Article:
Thursday, August 30, 2012

On My Soapbox For Art

Last week I was enjoying a comfortable morning, sitting in a friend's backyard swing. We talked about knitting (she is my knitting mentor) and then we started chatting about my grand art theories and my recent blog post about measuring the physical effects of art on the brain. We are both into Waldorf Education, so I consider us very like-minded. In the midst of the conversation, my dear friend jumped in with a great pointreally the "aha" momentwhen she said that petting a cat lowers blood pressure, which is measurable. My point exactly. No major scientific breakthrough really ought to be possible to measure the impact of art on the brain (and/or the body).

So back to my previous blog post: This Is Your Brain...On Art, I think the connection to be made is this: given that Happiness and Compassion studies are happening right now, an important task would be a long-term study about how interacting with art has a measurable impact on the brain and could possibly counter-balance the effects of digital consumption.

Stanford has The Center for Compassion and Altruism Research and Education (CCARE). Since the fear and measurable probability is that brains are being changed by digital consumption, for example: are violent video games making kids more violent? With the brain as the last frontier, what scientists should consider is what makes a healthy brain. Measuring the brain centers that link to compassion and altruism, one has to wonder where art interactions fit.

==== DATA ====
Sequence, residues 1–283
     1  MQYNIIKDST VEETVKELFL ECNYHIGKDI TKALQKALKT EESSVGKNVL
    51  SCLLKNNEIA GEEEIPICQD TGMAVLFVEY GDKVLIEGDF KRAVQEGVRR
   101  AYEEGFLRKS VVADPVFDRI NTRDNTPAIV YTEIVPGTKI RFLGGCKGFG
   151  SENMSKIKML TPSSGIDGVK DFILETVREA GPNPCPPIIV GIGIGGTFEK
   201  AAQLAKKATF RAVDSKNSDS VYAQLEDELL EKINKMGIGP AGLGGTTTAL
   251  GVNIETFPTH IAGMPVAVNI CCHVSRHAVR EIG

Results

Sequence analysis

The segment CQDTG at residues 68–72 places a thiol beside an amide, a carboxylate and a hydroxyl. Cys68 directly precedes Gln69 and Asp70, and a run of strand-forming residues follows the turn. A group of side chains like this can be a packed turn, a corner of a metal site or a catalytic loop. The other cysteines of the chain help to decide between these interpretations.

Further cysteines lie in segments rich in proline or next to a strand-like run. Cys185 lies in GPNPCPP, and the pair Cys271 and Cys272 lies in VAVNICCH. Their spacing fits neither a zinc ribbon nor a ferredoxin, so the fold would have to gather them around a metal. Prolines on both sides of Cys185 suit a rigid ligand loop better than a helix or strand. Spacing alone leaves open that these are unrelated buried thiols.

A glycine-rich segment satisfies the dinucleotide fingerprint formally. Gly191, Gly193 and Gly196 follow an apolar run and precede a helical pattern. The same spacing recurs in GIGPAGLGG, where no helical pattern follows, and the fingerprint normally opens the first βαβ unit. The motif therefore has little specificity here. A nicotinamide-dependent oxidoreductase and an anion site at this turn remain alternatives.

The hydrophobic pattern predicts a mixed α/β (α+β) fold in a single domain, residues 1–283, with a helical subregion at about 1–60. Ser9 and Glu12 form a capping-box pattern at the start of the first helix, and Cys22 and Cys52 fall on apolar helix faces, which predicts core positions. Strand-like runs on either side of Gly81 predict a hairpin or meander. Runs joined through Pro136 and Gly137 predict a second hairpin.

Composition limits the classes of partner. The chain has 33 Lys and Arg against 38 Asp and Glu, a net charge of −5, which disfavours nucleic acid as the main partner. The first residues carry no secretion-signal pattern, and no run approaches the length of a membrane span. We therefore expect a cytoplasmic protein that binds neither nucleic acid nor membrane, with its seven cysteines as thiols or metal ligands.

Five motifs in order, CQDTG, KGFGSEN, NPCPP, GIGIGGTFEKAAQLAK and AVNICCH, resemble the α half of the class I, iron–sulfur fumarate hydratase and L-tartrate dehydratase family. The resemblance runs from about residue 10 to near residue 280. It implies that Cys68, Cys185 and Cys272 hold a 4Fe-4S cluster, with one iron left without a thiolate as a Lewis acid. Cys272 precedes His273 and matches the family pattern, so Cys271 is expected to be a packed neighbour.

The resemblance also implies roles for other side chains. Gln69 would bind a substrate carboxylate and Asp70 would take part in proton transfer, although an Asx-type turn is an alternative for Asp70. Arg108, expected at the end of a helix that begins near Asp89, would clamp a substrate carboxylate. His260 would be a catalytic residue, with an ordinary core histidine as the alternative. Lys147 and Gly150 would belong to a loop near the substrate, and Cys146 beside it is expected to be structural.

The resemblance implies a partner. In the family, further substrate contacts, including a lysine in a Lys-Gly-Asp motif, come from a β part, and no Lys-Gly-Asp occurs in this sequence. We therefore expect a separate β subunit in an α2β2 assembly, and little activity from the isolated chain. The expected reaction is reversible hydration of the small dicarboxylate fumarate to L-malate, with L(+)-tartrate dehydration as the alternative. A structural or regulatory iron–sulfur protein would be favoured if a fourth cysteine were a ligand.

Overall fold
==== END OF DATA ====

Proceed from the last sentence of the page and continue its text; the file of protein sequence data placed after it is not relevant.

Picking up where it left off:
I think there is a strong connection between "beauty" and compassion and altruism. Of course, I can only discuss this anecdotally, but consider the impact of nature. Studies have been done, are being done that show how important connecting with nature is to the human psyche. Much of what people connect with is the beauty. Is there a value in beauty? 

Now let's consider the Puritans, whose impact can still be felt when it comes to art. Is it possible to discuss the intersection of a Puritan ethic in art rippling toward a wave that crashes against joy, beauty, digital consumption and brain health? (That is probably a dissertation waiting to be written.)

As a summation of the tumultuous thoughts swirling in my brain, here's what I think we need: a national conversation about the "value" of art and the human mind's need for it (What makes us human? Our ability to make symbols?) This is a conversation that needs to happen now, to figure out how to balance the brain changes that are happening from digital consumption.

Phew...I know it's just a blog post, but finally I get to have my own soap box. My call to arms: WE NEED ART!

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